What we feel and think and are is to a great extent determined by the state of our ductless glands and viscera. ~Aldous Huxley, English author, 20th century
Over the last month the media streams have remained clogged with two events. First,the horrific massacre of school children and teachers in Connecticut, USA. Second, the barbaric rape and “murder” of an Indian medical student in Delhi.
As part of an increasingly aware and connected society, we remain quick to rationalise into the underlying reasons and ascribe blame. The flickering screens become full with debates and sermons as questions and suggestions fly thick and fast.
• Why does the U.S. Government not take up with the National Rifle Association and amend the gun ownership laws?
• What makes the Indian police so insensitive and ill equipped to take care of women safety on the roads?
• If, as it now emerges, gunman Adam Lanza displayed worrisome and awkward behaviour, why did his mother not do something about it?
• What was the trigger for the gang of rapists to have conducted themselves in such a brutal and violent manner?
…and so on, the list goes on and on.
We may sit in judgement and hold holier than thou perceptions. As we take time out to show our solidarity with the cause and impatience and distrust with the ‘powers that be’. Or we may choose to get involved with our hearts, indulge in emotional outpourings and feel we are doing our bit. Either way we do not take responsibility for what happened.
But could it be that as we come across such evil and darkness in the world, there lies a seed of responsibility within us? When we accept the status quo of injustice on the plea that this is how it has been? When we prefer to remain an onlooker to a crime perpetrated on someone else? When we spend our energy to protect our own cocoon only? When we expect the Government and the police to follow standards of morality and behaviour higher than our own?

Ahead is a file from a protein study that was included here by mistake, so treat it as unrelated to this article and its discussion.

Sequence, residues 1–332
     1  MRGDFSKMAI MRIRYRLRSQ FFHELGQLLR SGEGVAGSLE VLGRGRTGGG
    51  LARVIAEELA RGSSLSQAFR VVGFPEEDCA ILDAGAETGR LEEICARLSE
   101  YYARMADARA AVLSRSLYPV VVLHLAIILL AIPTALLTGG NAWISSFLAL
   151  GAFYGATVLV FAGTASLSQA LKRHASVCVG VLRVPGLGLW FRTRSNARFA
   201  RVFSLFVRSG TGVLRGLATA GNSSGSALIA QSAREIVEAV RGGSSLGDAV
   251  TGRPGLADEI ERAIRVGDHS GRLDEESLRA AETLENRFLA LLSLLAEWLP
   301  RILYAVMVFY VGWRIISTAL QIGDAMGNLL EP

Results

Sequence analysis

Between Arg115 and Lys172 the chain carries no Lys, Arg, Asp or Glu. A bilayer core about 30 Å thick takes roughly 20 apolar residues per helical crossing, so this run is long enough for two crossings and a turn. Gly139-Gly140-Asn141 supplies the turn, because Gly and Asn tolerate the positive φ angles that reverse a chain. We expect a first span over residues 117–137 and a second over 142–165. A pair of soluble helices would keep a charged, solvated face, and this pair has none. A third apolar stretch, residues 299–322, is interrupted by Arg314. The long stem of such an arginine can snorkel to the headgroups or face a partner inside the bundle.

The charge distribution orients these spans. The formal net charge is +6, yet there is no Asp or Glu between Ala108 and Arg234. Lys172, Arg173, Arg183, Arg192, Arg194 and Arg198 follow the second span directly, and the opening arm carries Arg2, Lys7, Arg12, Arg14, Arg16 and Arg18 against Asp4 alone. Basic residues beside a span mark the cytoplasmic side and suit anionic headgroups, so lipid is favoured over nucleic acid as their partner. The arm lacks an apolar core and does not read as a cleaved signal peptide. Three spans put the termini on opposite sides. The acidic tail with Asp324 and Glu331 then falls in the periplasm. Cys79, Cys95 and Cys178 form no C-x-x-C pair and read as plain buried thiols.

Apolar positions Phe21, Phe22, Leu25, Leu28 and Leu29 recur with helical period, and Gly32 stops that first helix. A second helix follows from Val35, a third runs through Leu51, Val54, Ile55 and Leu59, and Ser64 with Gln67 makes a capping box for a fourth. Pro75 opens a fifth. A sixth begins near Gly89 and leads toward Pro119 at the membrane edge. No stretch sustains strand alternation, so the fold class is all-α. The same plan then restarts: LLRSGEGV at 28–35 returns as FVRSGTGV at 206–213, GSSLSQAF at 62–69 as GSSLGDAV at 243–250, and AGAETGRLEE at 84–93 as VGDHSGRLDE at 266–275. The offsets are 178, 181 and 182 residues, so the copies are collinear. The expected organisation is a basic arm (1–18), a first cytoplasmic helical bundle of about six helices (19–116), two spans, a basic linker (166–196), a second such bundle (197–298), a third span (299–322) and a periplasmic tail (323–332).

My thoughts flit to Joe Vitale and his book “Zero Limits”. About therapist Dr.Hew Len and his handling of a ward of criminally insane patients. Dr. Len never saw patients but only reviewed their files. As he looked at the files, he would work on himself by repeating the following universal mantras.
• I am sorry.
• Please forgive me.
• I thank you
• I love you.
And as he worked and improved himself, the patients started to improve and heal!
Dr. Hew Len was following the concept of HO’OPONONO, a Hawaiian word dealing with “extreme responsibility” which requires the person to take total responsibility of his life including all people and situations coming into it. A ‘tough to swallow’ and bizarre concept on first sight!
But as I muse on the need to take responsibility of anything that shows up in our life, absolutely everything, I start seeing a continuum. Between extreme responsibility and that of reconciliation and forgiveness. I also come face to face with my Karma in that I must be willing to experience myself what I have allowed to happen to others, either by my inaction or inability.
And today in this new millennium, as we sit on the explosive powder keg of increasing disparity, isolation of the ‘left behinds’ in fast changing societies and values and technology driven, rapid creation of awareness and beliefs, could HO’OPONONO show us the way forward?
In learning……… Shakti Ghosal
Acknowledgement: Zero Limits: The Secret Hawaiian System for Wealth, Health, Peace, and More by Joe Vitale & Ihaleakala Hew Len, Dec. 2008.